Japan has become the latest customer to sign up for the Kongsberg Joint Strike Missile (JSM) to arm its fleet of F-35 fifth-generation fighters. Kongsberg Defence & Aerospace announced the contract with Japan yesterday, March 11. The agreement covers the supply of “initial deliveries” comprising an undisclosed number of JSMs. Kongsberg and the Japanese government have not disclosed the value of the deal.
JSM development began in 2008 and was completed in mid-2018 after a series of successful validation test firings. The JSM is derived from the same company’s Naval Strike Missile, with which it shares many components, but the weapon has been scaled down to fit inside the weapon bays of the F-35.
“This is an important international breakthrough which demonstrates the importance of cooperation between Norwegian authorities, Norwegian Defence Research Establishment and Norwegian industry”, said CEO of Kongsberg Geir Håøy.
The JSM is currently the only long-range sea- and land-target missile that can be carried internally in the F-35 and thereby preserve the aircraft’s stealth capabilities.
“The international F-35 user consortium is showing great interest in the JSM and Kongsberg is very proud to have been selected by Japan to provide the JSM for their F-35 fleet. This is a major milestone for the JSM program, entering into the production phase”, added Eirik Lie, President, Kongsberg Defence & Aerospace AS.
The Japan Ministry of Defence announced its selection of the F-35A as the JASDF’s next-generation fighter on December 19, 2011, following the F-X competitive bidding process. The signing of an initial Letter of Offer and Acceptance (LOA), for four aircraft, was officially announced in June 2012, with the MoD stating that the cost of each F-35A amounted to approximately 10.2bn yen ($128m). Deliveries commenced during 2016, at which point the total requirement for the type amounted to 42 aircraft.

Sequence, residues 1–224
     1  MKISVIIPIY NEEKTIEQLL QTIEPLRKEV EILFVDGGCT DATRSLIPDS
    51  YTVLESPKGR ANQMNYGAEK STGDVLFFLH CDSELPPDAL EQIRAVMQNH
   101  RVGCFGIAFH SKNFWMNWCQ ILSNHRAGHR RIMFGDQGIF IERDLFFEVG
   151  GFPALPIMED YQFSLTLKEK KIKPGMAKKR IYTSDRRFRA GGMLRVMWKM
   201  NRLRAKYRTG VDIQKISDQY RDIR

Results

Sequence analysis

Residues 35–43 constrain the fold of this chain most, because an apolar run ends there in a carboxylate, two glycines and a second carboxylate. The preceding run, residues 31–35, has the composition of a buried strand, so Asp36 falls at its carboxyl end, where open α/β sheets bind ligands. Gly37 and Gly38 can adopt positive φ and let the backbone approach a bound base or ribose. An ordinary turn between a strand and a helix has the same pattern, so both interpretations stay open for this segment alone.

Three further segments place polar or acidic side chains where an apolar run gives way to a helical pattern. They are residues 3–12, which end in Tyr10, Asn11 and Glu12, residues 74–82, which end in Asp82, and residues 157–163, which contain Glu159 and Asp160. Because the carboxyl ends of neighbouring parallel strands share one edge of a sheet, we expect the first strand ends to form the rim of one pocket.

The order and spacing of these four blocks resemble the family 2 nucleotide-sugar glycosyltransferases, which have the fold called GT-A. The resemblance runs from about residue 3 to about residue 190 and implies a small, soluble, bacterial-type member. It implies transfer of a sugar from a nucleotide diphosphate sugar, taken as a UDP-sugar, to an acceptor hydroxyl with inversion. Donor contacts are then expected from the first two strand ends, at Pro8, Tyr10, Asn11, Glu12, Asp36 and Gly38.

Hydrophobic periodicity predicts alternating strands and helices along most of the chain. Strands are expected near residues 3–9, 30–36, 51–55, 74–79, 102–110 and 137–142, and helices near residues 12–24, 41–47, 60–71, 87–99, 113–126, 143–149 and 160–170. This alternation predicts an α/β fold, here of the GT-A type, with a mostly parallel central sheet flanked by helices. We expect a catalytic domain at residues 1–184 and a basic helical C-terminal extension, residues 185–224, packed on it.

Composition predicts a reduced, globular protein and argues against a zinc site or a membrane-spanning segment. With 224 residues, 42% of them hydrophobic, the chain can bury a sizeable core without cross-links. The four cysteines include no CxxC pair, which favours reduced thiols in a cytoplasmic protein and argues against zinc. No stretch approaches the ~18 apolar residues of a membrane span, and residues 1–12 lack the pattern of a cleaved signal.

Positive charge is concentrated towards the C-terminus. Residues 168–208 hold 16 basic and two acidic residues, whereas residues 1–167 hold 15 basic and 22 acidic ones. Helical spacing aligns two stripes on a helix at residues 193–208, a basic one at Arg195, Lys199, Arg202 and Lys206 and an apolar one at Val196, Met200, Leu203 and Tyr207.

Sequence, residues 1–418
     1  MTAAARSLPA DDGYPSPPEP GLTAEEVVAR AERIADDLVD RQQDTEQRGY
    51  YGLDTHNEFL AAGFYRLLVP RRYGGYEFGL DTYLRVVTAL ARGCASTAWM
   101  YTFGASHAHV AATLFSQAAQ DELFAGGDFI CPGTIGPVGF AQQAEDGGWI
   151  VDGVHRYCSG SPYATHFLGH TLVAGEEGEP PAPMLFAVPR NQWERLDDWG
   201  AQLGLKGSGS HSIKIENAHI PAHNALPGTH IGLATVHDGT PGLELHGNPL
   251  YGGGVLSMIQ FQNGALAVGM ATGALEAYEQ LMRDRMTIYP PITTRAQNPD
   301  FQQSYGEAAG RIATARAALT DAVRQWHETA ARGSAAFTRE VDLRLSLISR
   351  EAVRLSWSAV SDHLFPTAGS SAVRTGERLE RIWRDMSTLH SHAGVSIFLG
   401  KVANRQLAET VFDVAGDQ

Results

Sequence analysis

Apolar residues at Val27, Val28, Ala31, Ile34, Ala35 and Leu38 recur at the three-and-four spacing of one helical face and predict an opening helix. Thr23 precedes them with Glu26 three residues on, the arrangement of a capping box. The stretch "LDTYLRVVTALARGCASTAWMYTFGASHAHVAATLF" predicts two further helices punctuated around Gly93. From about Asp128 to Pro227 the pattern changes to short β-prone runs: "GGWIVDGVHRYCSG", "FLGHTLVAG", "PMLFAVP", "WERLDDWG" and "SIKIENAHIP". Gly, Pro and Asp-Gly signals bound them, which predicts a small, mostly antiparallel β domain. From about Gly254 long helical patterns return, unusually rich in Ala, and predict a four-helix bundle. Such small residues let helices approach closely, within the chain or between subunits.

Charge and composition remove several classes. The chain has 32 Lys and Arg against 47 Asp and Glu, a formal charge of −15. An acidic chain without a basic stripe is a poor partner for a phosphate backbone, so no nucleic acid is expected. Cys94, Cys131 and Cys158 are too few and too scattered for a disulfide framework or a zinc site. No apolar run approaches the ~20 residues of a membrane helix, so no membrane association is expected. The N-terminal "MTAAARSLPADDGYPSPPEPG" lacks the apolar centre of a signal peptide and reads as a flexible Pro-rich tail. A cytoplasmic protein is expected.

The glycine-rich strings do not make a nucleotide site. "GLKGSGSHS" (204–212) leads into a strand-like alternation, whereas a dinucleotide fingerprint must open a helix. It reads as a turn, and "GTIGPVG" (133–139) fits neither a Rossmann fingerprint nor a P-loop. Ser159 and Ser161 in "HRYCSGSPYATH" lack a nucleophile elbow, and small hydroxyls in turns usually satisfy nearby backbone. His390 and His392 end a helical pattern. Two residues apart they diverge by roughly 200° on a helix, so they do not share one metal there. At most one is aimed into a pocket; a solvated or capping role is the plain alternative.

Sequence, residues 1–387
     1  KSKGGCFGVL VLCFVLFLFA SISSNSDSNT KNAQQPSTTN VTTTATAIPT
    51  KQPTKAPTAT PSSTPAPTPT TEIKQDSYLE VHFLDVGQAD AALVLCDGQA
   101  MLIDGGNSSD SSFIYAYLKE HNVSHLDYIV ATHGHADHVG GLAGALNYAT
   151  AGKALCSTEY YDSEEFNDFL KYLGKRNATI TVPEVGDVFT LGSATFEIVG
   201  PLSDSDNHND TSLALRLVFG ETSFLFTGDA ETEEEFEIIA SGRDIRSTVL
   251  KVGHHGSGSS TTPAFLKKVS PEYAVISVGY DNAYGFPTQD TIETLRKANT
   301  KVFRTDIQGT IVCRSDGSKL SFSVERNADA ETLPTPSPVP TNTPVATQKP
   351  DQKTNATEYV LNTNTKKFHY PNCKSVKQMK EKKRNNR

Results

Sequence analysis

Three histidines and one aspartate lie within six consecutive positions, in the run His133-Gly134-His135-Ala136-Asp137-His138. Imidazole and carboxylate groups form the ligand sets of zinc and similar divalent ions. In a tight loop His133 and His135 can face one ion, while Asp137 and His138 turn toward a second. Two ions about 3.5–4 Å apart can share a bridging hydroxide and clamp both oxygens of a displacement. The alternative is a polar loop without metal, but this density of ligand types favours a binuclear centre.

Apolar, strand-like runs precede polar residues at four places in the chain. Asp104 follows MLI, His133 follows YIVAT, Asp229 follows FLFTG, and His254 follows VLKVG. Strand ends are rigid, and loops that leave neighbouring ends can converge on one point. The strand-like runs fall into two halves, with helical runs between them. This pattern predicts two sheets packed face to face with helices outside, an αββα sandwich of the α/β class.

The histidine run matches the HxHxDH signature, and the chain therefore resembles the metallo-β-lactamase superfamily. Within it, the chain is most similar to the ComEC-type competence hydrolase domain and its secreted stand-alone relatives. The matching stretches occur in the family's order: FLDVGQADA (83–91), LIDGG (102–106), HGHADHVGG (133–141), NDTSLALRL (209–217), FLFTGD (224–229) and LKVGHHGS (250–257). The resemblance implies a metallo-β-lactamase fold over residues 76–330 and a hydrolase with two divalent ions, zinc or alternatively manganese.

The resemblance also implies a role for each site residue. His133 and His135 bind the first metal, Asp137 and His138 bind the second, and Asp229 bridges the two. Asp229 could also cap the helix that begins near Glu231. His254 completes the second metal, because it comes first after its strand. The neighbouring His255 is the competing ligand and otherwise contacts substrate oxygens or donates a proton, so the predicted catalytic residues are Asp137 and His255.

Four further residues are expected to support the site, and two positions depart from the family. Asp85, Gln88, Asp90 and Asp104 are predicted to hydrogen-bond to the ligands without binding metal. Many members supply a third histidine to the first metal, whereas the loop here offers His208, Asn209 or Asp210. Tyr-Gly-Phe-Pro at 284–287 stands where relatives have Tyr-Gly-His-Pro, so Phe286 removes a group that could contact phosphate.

Funding for 34 F-35As has been approved through Fiscal Year 2018. Four aircraft were ordered under Low-Rate Initial Production (LRIP) 8 (FY 2014), two under LRIP 9 (FY 2015), four under LRIP 10 (FY 2016), and six under LRIP 11 (FY 2017). LRIP 12 (FY 2018) included six jets for Japan.
Following assembly of the first four aircraft (AX-1 to AX-4) in the US, the remaining 38 were to be assembled at Nagoya in Japan by Mitsubishi Heavy Industries. It has since been disclosed that local production will cease after the aircraft ordered through LRIP 12 and future deliveries will be from the US production line in Fort Worth, Texas.
The four US-built aircraft were delivered to Luke AFB, Arizona for training from August 2016 to March 2017 and transferred to Misawa in May 2018.
On December 17, 2018 the Japanese cabinet approved a plan to add an additional 105 F-35s to its planned fleet of 42 examples. In a press briefing, the chief cabinet secretary Yoshihide Suga confirmed that the country’s Medium-Term Defence Program had been approved by the cabinet. Of the new total, 105 will be F-35As and 42 F-35Bs. Some of the latter may be for the navy.